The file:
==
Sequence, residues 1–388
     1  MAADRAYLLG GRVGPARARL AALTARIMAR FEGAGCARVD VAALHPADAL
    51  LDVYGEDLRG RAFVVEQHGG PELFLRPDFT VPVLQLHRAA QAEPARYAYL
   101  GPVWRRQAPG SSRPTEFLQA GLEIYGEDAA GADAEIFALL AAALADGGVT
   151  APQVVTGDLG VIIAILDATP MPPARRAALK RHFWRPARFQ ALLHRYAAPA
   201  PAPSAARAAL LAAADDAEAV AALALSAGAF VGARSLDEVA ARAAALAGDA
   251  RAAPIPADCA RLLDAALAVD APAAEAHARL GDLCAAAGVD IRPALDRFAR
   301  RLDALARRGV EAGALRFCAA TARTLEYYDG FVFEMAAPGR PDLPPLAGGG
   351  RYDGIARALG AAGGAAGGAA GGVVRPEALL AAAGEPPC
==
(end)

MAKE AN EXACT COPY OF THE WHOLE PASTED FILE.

Sequence, residues 1–388
     1  MAADRAYLLG GRVGPARARL AALTARIMAR FEGAGCARVD VAALHPADAL
    51  LDVYGEDLRG RAFVVEQHGG PELFLRPDFT VPVLQLHRAA QAEPARYAYL
   101  GPVWRRQAPG SSRPTEFLQA GLEIYGEDAA GADAEIFALL AAALADGGVT
   151  APQVVTGDLG VIIAILDATP MPPARRAALK RHFWRPARFQ ALLHRYAAPA
   201  PAPSAARAAL LAAADDAEAV AALALSAGAF VGARSLDEVA ARAAALAGDA
   251  RAAPIPADCA RLLDAALAVD APAAEAHARL GDLCAAAGVD IRPALDRFAR
   301  RLDALARRGV EAGALRFCAA TARTLEYYDG FVFEMAAPGR PDLPPLAGGG
   351  RYDGIARALG AAGGAAGGAA GGVVRPEALL AAAGEPPC